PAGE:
And eating ice-cream, because if you’re going to go to the gym four times a week, you might as well make it worthwhile  :0)

And then it’s 10pm: well-earned sleep time for the wife. After all, she’s got to be up at 6:40 the next morning.

So I tuck her in and sneak downstairs, where I carry on Twittering, writing the odd guest post, sending out review copies of my book to bloggers, replying to emails from readers, making posts on forums and indulging in my two main vices: a glass of wine, and allowing myself to write a bit of a sci-fi novel I one day hope to publish. Ah, good times!

At around 2am I generally remember that I’ll be getting up at six as well, as it’s impossible to get back to sleep after seeing the wife off to work; it’s also usually around this time that someone living in a far more sensible time-zone strikes up an interesting conversation on Twitter…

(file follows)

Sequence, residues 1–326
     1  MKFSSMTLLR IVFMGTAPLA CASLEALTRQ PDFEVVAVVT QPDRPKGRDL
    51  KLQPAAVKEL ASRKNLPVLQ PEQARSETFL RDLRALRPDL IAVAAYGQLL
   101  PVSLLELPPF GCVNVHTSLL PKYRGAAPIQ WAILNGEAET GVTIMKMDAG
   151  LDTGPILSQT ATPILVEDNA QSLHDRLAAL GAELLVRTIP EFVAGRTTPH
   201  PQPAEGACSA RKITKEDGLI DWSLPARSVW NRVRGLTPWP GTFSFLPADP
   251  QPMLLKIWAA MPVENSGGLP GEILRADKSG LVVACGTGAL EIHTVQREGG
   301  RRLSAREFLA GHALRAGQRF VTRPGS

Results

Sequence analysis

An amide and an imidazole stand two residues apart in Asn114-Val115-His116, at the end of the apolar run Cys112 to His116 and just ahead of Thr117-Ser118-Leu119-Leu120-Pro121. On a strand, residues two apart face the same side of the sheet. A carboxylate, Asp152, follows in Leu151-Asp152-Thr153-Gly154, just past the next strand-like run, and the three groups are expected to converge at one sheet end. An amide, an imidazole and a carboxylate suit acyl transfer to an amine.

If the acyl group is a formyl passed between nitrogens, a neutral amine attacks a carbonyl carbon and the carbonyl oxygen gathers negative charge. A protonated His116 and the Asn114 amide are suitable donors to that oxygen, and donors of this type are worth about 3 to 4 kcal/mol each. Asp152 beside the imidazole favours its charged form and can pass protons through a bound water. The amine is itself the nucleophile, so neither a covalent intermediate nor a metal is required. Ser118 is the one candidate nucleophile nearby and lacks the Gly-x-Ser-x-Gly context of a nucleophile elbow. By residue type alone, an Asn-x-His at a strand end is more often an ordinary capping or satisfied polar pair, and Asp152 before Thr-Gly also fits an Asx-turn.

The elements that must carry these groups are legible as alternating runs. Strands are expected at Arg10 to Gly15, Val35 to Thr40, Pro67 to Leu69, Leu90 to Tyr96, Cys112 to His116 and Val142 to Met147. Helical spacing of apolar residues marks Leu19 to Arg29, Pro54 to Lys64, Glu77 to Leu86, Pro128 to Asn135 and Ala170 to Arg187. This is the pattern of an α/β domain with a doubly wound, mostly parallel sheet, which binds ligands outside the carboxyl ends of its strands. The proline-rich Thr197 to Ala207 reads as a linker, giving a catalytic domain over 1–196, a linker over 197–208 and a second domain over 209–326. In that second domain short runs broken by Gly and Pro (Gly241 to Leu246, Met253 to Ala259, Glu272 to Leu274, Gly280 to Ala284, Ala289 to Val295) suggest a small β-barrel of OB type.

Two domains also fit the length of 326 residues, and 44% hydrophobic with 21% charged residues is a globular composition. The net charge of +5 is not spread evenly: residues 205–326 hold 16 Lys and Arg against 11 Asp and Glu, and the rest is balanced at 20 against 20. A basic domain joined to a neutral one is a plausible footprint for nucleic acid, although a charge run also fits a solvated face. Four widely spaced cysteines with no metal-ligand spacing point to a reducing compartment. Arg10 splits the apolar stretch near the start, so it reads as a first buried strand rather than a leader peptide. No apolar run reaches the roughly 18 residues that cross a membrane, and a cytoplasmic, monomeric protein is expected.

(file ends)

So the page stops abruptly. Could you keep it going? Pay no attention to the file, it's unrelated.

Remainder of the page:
But I try to be in bed by 4.

I don’t always make it.

Y’see? I told you! Pure, unadulterated glamour…

10 thoughts on “A Day In The Life Of A Writer

  1. Hmmmm…my darling, are you saying that I am….”Industrial sized”?! 🙂 And by the way, now I know what you get up to in your working day, I’ll be sending you more jobs via text!
    Just kidding, you do need more sleep though…

    1. My love, you are perfectly in scale and proportion. It’s me that’s huge! I’m a bit like an enormous remote-controled House Husband toy. Press green to make him do the laundry! BZZZ! Press red for food..!

  2. Hi Tony,

    Out of all the blogs I read – and I read lots – yours is the funniest by far! 🙂

    I must admit I share a lot of your traits as well 🙂 Shivering while braving out the Australian winter has been one of them! 😉